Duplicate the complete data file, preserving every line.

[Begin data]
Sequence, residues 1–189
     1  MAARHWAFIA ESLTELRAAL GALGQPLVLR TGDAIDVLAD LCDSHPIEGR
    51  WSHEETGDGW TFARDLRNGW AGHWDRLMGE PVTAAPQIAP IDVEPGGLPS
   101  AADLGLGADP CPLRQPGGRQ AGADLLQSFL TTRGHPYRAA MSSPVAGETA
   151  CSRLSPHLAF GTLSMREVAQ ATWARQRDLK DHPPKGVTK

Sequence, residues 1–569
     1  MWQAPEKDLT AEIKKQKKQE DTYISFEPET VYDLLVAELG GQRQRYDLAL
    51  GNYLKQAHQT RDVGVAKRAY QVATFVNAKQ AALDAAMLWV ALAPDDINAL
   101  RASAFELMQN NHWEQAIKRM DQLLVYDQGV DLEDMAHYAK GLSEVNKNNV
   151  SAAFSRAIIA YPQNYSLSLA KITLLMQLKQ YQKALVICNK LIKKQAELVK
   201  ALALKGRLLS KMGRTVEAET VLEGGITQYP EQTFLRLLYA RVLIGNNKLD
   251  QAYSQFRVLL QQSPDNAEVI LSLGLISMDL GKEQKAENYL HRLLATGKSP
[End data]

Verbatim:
Sequence, residues 1–189
     1  MAARHWAFIA ESLTELRAAL GALGQPLVLR TGDAIDVLAD LCDSHPIEGR
    51  WSHEETGDGW TFARDLRNGW AGHWDRLMGE PVTAAPQIAP IDVEPGGLPS
   101  AADLGLGADP CPLRQPGGRQ AGADLLQSFL TTRGHPYRAA MSSPVAGETA
   151  CSRLSPHLAF GTLSMREVAQ ATWARQRDLK DHPPKGVTK

Sequence, residues 1–569
     1  MWQAPEKDLT AEIKKQKKQE DTYISFEPET VYDLLVAELG GQRQRYDLAL
    51  GNYLKQAHQT RDVGVAKRAY QVATFVNAKQ AALDAAMLWV ALAPDDINAL
   101  RASAFELMQN NHWEQAIKRM DQLLVYDQGV DLEDMAHYAK GLSEVNKNNV
   151  SAAFSRAIIA YPQNYSLSLA KITLLMQLKQ YQKALVICNK LIKKQAELVK
   201  ALALKGRLLS KMGRTVEAET VLEGGITQYP EQTFLRLLYA RVLIGNNKLD
   251  QAYSQFRVLL QQSPDNAEVI LSLGLISMDL GKEQKAENYL HRLLATGKSP